“There seemed to be this small circle who accepted this stuff and thought it was OK,” he said.
These are my links for April 3rd through April 4th:
Barack Obama, Constitutional Ignoramus – I’m grateful for the favor Obama did for us yesterday of exposing his extreme constitutional ignorance, with his comments on how it would be “unprecedented” for the Court to strike down a law passed by a “strong majority” in Congress. (As if a House margin of seven votes is a “strong” majority.) True, he walked back the comment today, but surely because his statement was not merely indefensible but outright embarrassing to his media defenders.
I’ve been growing weary of hearing people mention that he’s a “constitutional scholar,” since he never published a single thing on the subject either as editor of the Harvard Law Review or as a member of the faculty at the University of Chicago Law School. But hey—he taught constitutional law, didn’t he?
His course on constitutional law, one of several constitutional law courses on the U of C curriculum, dealt exclusively with the equal protection clause of the 14th Amendment—the favorite, all-purpose clause for liberal jurists to use to right wrongs and make us more equal by judicial fiat. There is no evidence that Obama ever taught courses that considered other aspects of constitutionalism, such as executive power, the separation of powers, the Commerce Clause, or judicial review itself.
The list emerged from a two-year effort, similar to a project other medical specialties are undertaking, to identify procedures that do not help patients live longer or better or that may even be harmful, yet are routinely prescribed.
As much as 30 percent of health-care spending goes to procedures, tests, and hospital stays that do not improve a patient’s health, according to a 2008 analysis by the nonpartisan Congressional Budget office.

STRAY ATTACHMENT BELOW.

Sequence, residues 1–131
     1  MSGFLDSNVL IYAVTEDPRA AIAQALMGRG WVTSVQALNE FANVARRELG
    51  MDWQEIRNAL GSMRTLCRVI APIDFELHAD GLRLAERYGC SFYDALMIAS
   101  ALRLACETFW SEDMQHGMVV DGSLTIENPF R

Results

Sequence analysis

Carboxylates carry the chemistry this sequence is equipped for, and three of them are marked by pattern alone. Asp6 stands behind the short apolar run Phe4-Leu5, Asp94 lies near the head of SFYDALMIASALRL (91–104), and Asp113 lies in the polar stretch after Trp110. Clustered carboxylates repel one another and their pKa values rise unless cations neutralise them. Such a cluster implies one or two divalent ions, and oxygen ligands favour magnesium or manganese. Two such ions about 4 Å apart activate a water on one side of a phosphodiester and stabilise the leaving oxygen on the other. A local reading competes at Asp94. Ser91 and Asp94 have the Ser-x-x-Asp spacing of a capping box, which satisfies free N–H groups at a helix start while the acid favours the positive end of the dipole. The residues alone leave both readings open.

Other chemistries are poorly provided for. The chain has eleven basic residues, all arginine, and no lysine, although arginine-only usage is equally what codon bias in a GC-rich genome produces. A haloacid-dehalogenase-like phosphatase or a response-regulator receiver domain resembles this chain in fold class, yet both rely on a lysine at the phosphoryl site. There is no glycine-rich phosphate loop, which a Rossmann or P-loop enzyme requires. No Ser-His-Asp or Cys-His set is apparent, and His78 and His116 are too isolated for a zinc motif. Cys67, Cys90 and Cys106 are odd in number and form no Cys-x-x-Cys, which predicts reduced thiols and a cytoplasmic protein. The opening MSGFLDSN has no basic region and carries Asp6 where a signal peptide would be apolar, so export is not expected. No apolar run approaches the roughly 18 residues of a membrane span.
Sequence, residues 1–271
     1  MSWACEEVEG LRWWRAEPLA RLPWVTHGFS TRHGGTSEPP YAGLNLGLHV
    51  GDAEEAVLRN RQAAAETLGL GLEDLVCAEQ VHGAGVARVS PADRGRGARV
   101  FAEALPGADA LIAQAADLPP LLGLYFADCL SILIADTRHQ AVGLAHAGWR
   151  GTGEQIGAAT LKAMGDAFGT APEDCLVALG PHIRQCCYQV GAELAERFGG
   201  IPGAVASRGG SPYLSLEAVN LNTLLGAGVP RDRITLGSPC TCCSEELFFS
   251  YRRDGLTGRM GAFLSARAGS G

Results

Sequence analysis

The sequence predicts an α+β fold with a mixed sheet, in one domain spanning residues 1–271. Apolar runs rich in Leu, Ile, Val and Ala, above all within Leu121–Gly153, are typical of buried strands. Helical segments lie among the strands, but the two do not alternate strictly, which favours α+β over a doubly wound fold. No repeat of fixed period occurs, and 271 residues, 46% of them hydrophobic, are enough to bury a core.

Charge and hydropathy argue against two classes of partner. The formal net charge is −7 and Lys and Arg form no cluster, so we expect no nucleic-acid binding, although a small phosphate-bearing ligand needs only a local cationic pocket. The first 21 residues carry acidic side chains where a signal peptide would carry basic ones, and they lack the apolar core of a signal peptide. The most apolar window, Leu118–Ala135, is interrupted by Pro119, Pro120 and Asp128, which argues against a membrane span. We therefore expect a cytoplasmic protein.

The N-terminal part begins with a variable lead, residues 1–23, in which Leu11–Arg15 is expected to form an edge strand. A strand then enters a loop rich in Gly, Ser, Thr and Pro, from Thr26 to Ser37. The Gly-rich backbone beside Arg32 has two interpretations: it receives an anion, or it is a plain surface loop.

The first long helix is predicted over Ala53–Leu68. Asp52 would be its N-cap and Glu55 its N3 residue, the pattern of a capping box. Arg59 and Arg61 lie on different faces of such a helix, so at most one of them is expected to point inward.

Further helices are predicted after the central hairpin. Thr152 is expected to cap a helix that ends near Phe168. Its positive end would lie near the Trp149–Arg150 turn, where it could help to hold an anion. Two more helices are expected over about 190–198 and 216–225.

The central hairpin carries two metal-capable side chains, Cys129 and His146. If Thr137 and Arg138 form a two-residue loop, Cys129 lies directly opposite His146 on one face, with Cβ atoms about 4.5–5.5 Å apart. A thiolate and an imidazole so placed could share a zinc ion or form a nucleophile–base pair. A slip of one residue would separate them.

“Our goal was to improve care and improve the value of the care we deliver,” said Dr. Lowell Schnipper, a cancer physician at Beth Israel Deaconess Medical Center who led the task force assembled by the American Society of Clinical Oncology (ASCO). The group of more than 200 oncologists released the list from a report in its Journal of Clinical Oncology.
Although the task force emphasized that its recommendations — winnowed from about 10 suggestions by oncologists — were driven by medical considerations, the report makes clear that expense was a major factor. A number of cancer drugs cost nearly $100,000 but extend life a few months or not at all. Widely-used imaging tests cost up to $5,000 yet do not benefit patients.
The list has been closely guarded, with public announcements scheduled for Wednesday. Patients, advocacy groups, and policy experts contacted by Reuters were mixed in their reaction to the recommendations.
“The American people have a much higher opinion of doctors than of government bureaucrats,” said Kate Nix, a policy analyst at the free-market Heritage Foundation. Whether the ASCO recommendations to withhold some tests and treatments will be seen as rationing “depends on how they are used. Will they inhibit the ability of doctors and patients to make the best decision in each case?”